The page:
Surely you can simply avoid this by using one of the statically linked versions of the RTL? And if, which God forbid, you are using MFC, you have the choice of statically linked or dynamically linked versions of that too.

Isn't the obvious benefit of the run-time option that it makes for smaller executables, and uses less disk space if more than one application uses the same run-time library?

Andrew Simmons
Sunday, September 01, 2002

Well you know computers, another layer always has a use. What about bug fixing - if you botch the compiler (say some security thing) and it goes right to machine code, then you have to patch every program ever made with it. If you botch the runtime, you can just patch it. and then patch it again. and then again. and another patch... Well, better the runtime than all things installed anyway. Or all things that were made with that version of the compiler is more like what it would be -- oh, did you patch that for the 2.0231 compiler??! Oh no, that program was made with the 2.0236 Borland compiler, and that patch gums it up! Quick download the 2.0231 repair patch!

Does that make sense? Or are you not meaning going right down to the machine level?

Robin Debreuil
Sunday, September 01, 2002

Frederic,

http://www.mvps.org/vb/hardcore/html/efficientcode.htm - from http://www.mvps.org/vb/hardcore/ - should get you started. Click on the >> on the top right to read the next few pages as well.

Thanks

Matthew Wills
Sunday, September 01, 2002

Andrew, of course you're right that if you're just trying to avoid shipping the extra files, static linking is the way to go (which is why I mentioned static linking several times, but that wasn't really the point of my excessive rambling, which didn't really have a point). I also wondered how long until someone would bring up the dreaded MFC library :). It makes my skin crawl just thinking about it.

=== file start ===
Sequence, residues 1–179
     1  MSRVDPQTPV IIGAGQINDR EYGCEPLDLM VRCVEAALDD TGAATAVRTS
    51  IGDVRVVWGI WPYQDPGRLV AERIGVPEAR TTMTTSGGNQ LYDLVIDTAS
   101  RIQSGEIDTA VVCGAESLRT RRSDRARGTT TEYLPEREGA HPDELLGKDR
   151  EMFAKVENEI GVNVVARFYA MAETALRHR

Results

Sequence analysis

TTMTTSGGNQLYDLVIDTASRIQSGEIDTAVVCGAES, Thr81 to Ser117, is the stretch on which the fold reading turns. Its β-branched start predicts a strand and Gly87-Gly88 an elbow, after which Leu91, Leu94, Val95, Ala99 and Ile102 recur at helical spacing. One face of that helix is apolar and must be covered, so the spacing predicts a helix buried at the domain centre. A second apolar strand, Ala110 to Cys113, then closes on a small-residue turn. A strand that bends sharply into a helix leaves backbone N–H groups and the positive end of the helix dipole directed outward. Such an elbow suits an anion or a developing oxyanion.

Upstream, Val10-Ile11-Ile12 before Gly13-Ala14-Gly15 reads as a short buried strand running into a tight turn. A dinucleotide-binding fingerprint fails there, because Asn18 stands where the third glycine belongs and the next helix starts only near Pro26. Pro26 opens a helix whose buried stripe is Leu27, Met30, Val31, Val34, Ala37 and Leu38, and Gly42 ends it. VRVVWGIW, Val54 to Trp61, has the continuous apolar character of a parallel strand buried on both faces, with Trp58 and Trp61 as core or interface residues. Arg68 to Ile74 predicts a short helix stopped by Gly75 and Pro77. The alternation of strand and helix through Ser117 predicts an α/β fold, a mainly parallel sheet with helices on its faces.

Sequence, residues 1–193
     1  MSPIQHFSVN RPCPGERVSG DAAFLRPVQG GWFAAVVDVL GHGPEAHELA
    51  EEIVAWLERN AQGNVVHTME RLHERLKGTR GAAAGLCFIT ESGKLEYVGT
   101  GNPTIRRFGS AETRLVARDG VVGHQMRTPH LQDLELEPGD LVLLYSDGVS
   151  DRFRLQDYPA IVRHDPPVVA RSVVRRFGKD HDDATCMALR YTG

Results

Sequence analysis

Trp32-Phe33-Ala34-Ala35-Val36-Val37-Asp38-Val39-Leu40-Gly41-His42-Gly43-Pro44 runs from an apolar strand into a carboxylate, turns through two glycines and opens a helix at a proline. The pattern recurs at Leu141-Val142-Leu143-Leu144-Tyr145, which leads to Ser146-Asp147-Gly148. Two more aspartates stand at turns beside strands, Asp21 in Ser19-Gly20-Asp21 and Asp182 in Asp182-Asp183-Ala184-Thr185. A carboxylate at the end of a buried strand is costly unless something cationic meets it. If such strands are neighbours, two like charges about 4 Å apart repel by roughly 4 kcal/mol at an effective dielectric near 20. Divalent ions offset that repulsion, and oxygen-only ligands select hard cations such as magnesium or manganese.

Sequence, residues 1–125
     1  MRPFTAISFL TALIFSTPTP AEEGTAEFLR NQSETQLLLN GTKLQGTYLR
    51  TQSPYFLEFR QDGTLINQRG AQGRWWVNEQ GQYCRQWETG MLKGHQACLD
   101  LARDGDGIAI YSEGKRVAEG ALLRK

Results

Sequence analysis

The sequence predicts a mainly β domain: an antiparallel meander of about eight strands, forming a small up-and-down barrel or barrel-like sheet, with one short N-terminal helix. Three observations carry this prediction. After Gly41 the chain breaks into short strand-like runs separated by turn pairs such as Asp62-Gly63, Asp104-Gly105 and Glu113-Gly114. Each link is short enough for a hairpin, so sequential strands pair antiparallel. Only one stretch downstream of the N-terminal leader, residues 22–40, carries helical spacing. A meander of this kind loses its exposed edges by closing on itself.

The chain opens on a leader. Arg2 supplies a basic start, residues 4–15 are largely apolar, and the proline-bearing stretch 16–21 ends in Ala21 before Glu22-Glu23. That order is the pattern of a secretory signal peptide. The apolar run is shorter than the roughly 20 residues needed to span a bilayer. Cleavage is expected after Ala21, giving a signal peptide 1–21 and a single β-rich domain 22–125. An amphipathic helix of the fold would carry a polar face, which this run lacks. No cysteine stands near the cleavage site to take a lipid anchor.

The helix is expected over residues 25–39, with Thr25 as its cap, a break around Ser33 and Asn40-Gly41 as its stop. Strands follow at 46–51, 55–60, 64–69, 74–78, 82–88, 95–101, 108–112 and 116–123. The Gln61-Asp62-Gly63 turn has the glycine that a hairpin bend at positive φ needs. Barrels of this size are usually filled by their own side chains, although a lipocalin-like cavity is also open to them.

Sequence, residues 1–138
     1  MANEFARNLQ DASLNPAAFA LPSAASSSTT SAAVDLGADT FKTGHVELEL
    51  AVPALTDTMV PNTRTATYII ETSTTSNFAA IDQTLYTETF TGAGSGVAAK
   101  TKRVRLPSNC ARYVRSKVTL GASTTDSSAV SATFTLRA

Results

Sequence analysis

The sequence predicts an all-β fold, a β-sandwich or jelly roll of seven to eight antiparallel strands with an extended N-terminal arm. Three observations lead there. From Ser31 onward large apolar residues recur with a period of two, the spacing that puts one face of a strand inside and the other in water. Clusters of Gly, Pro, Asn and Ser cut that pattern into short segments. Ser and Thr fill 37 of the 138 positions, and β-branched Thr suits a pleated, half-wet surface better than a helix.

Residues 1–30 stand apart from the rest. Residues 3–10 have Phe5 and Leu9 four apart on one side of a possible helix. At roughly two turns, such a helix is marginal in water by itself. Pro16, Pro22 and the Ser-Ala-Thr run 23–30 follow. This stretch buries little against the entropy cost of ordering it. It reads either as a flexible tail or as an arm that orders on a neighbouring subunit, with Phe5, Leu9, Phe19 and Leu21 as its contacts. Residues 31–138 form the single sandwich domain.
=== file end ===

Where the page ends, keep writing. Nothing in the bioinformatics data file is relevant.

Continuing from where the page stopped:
My opinion is that if you're shipping with a runtime or external dependencies, then you might as well use the easist language that gets the job done, which is going to be VB most of the time. When I go to a "more difficult" language, it's usually to be able to ship no- or low-dependency apps.

Frederic, the very question you're asking is the question I started asking a few years ago, and the one that finally got me away from using VB for anything a customer saw. (I still remember them freaking out that a narrow-purpose Windows app I gave them was only 17K complete -- they thought they'd made a mistake and hired someone that didn't know what he was doing since the predecessor app was 16MB.) If you get lucky, you'll work somewhere that you can convince them that small and standalone is beautiful.

Troy King
Monday, September 02, 2002

Robin, it's been a long time since I've heard of a security risk (or any problem for that matter) caused by a Windows compiler. It's usually the code written by the programmer, not the tool he uses to compile it. There are fairly boilerplate methods for writing secure code, and I must admit it's a grunt aspect of coding to follow the list for every function. I could be wrong with this, but I believe most security problems found lately that are vaguely compiler-related have all actually been in the MSVC runtime itself.

Troy King
Monday, September 02, 2002

"I believe most security problems found lately that are vaguely compiler-related have all actually been in the MSVC runtime itself"

Yeah, I was just thinking that if there were no runtime, than that error would be in your program rather than the runtime. I guess I meant compiled into your code - a compiler error would get you either way. I still am probably missing the point though : )

Robin Debreuil
Monday, September 02, 2002